supple and flexible in quality - changing the history of parchment to match the Sinaiticus faux date

Steven Avery

Administrator
Medieval Parchment: the analysis of manuscripts from the State Library of Victoria
Elizabeth Anne Melzer
https://core.ac.uk/download/pdf/132699737.pdf

Libby Melzer
Grimwade Centre for Cultural Materials Conservation, Faculty of Arts, University of Melbourne
https://pursuit.unimelb.edu.au/individuals/libby-melzer

Grimwade Staff
https://arts.unimelb.edu.au/grimwadecentre/about/staff

Senior Paper Conservator
https://commercial.unimelb.edu.au/gccmc-conservation-services/about-us/our-staff/libby-melzer

LinkedIn
https://www.linkedin.com/in/libby-melzer-49087790/

Written most likely in Rome in the fourth century, the Codex Sinaiticus originally consisted of 730 leaves mostly in gatherings of eight. Just over 400 leaves survive which are divided between four collections.96 The text consists of four columns of 48 lines of text in a Greek uncial script. Gavin Moorhead identified that for the most part the gatherings were worked with one skin supplying four leaves (quarto-folio), and his assessment of the parchment indicates that it is fine and uniform with very little evidence of degradation that cannot be attributed to handling.97 His general conclusions about the parchment are that it is

'exceptionally uniform in thickness; supple and flexible in quality; generous in bi-folio size and lavish in layout; characterised by a sparse quantity of visual imperfections and blemishes'.

He further asserts that in his opinion this is evidence of

'a well-resourced enterprise [for parchment production); the idea of excellence in the animal husbandry; high standards in the selection of skins; high degree of manufacturing finesse'.
98

The quality and state of preservation of the parchment, the use of eight leaf gatherings, and characteristics of the page layout, show that all these aspects of manuscript production, as well as the preparation of parchment, were not just established, but refined centuries before the first written account of the production of parchment. This highlights that an absence of written sources is not an reflection of a lack of refinement and maturity of the trade of parchment making.


96 347 leaves are in the British Library; 43 leaves are in the University Library, Leipzig; six leaves are in the National Library of Russia, Saint Petersburg; other fragments are at the Monastery of St Catherine, Mount Sinai
97 Moorhead, 2009, p. 5
98 Moorhead, 2009, p. 10
One of the critical quotes is omitted, this is de facto the acknowledgement that it is not an ancient ms.

“despite being over 1600 years old ....”


The conservation team discovered that, despite being over 1600 years old, the pages of Codex Sinaiticus held at the British Library consisted of a supple, high quality parchment in relatively good condition. This is difficult to put into context as the only other similar surviving 4th/5th Century parchment codices, Codex Alexandrinus[19] and Codex Vaticanus[20] are at this stage unable to be physically compared with Codex Sinaiticus. Certainly the Codex Alexandrinus is also affected by ink corrosion but all have had different histories and conditions affecting their parchment folios and ultimately the data collected by this condition assessment will enable comparisons to be made in future.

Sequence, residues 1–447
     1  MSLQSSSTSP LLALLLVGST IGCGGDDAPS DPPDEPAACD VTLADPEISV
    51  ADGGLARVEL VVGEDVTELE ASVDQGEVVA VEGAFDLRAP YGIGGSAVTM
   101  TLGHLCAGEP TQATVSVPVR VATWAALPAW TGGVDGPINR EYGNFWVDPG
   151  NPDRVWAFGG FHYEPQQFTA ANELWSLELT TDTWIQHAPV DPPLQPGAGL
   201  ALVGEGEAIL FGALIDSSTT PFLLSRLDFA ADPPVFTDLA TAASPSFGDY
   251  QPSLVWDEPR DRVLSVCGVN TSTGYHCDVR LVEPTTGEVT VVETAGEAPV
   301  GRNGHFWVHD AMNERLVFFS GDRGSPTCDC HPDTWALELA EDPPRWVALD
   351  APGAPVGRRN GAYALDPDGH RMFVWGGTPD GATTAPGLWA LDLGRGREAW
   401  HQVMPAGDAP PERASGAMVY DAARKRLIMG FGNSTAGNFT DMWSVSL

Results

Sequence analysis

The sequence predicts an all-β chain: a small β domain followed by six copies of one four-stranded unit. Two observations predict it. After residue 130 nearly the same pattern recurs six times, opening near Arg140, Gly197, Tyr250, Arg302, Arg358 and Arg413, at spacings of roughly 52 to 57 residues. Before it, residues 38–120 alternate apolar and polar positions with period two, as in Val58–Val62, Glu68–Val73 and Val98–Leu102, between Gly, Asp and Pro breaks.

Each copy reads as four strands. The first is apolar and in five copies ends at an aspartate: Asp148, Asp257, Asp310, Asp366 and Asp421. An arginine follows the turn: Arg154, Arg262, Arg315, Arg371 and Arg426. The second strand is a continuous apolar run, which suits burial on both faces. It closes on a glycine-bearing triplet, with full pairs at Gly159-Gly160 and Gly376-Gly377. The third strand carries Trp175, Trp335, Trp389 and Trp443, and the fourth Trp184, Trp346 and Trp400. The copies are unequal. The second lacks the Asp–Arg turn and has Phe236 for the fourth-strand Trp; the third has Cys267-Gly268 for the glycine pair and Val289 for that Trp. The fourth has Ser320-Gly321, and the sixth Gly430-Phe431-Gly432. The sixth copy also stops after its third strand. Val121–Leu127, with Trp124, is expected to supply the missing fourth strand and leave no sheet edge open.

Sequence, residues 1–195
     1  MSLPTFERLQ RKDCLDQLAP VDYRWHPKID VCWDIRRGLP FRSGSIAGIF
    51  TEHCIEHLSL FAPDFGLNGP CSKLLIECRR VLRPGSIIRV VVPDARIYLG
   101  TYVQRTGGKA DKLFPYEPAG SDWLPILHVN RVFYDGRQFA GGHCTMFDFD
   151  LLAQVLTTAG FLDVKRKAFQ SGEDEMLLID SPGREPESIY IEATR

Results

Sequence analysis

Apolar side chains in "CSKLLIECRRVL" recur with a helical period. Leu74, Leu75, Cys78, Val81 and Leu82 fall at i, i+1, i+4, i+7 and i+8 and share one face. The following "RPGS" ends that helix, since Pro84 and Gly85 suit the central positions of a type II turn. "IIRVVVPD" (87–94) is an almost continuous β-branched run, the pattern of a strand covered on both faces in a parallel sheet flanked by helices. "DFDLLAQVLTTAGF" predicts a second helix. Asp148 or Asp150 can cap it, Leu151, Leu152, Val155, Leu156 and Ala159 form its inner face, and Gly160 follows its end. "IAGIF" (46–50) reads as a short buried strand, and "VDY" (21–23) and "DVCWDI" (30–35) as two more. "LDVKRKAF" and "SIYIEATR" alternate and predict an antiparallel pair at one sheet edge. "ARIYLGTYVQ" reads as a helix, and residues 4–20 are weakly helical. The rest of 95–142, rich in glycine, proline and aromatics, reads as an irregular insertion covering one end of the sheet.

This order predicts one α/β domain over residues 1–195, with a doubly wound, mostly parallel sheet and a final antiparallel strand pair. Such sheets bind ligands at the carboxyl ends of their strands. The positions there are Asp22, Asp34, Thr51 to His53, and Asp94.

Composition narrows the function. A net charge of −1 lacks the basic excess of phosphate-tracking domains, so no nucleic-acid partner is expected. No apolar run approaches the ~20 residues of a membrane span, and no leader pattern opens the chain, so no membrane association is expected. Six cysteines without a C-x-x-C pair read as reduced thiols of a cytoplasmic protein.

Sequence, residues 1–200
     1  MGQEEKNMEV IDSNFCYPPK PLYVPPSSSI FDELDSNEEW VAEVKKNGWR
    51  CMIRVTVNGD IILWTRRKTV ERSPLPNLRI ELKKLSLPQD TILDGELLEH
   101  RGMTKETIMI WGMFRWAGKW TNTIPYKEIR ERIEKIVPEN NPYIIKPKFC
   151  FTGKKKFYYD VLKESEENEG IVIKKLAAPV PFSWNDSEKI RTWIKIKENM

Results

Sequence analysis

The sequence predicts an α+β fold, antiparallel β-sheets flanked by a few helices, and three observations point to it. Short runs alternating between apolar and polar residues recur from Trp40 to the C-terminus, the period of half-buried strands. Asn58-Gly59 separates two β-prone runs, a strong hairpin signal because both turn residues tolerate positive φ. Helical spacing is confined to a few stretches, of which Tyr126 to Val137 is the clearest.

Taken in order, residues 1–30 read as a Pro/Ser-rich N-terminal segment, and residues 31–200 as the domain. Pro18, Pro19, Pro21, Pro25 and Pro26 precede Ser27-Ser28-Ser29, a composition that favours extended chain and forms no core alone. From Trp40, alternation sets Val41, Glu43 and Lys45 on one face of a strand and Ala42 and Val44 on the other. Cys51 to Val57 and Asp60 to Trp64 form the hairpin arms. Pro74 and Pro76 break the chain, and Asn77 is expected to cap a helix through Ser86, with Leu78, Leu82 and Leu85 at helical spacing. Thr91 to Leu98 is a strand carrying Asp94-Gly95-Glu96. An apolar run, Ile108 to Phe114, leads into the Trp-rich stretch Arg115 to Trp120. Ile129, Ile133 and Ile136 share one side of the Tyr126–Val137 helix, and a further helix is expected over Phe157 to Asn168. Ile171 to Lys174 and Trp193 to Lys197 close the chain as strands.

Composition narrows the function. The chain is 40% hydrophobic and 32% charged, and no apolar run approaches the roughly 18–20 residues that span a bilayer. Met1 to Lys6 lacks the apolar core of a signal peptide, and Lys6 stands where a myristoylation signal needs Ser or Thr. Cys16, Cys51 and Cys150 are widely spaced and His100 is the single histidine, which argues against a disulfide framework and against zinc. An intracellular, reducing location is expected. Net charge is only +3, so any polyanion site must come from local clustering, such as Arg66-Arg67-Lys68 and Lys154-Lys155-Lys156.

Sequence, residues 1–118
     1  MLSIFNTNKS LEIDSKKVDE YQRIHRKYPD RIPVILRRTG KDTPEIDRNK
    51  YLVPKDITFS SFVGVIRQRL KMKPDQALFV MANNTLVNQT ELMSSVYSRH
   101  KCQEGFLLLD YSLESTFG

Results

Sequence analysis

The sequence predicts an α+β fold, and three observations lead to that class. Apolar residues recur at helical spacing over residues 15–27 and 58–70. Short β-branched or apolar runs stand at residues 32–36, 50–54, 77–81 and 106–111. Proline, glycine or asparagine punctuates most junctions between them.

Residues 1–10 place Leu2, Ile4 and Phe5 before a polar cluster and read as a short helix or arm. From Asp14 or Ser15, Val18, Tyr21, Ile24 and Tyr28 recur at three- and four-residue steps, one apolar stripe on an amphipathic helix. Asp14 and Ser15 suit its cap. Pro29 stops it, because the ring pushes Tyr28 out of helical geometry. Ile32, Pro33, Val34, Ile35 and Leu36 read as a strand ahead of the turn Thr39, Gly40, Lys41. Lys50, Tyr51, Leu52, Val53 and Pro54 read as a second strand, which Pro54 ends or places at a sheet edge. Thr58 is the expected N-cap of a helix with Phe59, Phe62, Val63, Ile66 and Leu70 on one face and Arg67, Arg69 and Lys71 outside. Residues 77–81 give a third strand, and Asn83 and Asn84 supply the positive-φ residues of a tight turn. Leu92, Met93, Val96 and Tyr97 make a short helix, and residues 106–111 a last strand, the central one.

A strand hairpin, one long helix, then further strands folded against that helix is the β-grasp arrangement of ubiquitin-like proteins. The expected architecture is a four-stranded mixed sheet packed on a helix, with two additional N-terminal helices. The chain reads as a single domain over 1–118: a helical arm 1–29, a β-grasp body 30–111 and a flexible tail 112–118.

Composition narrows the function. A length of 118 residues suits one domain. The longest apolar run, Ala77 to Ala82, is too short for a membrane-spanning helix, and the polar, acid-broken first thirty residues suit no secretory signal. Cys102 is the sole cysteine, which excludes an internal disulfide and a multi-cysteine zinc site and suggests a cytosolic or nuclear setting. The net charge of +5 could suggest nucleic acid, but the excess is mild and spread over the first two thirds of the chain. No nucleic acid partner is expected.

Apart from a small percentage of folios with heavy ink corrosion, most of the folios appeared to have survived the rigours of 16 centuries with an unexpected lack of damage, suffering in the main only from small tears and losses along the head, tail, fore-edge and spine folds. Much of this damage is more likely attributable to mechanical damage than physical deterioration. Clues to explain the relatively small amount of ink corrosion and brittleness may be found in the ink recipe. But equally, explanations for the minimal damage and good condition may lie in the secrets of the parchment makers. The current condition of the parchment may also be due to the environmental conditions the codex has experienced throughout its existence.
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Reed asserts that the lack of Medieval references to the use of lime liquors for parchment manufacture or the dehairing of skins in preparation for tanning, prior to the Lucca Manuscript suggests that the technology was probably introduced into Europe through the influence of Arab scientific knowledge of alkalis, and he cites the Arabic influences on the Compositiones Variae in support of his case.79 Indeed, Anthony Cains identified that the parchment of a group of Insular manuscripts had a significantly dark tone which he concluded was more consistent with a process of bating then liming.80 However, the Codex Sinaiticus, as we will see shortly, predates these manuscripts by several centuries and shows no features suggesting any other process apart from liming. Further, as the use of lime is also mentioned in the recipe of the Selestat Manuscript, and similar Arabic influences have not been identified in this instance, Reed's conclusion requires further examination.

79 Reed, 1972, pp. 135-6
80 Cains, 1992, p. 53

So, liming was introduced late, perhaps in Arabic times, but the Codex Sinaiticus likely has this later production technique. This element needs more checking.

The degree if liming also might help explain its being white parchment (before any colouring.) For some reason, Jacob M. Peterson found white parchment unusual, in one of his many puzzling comments.

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Conservation On Line
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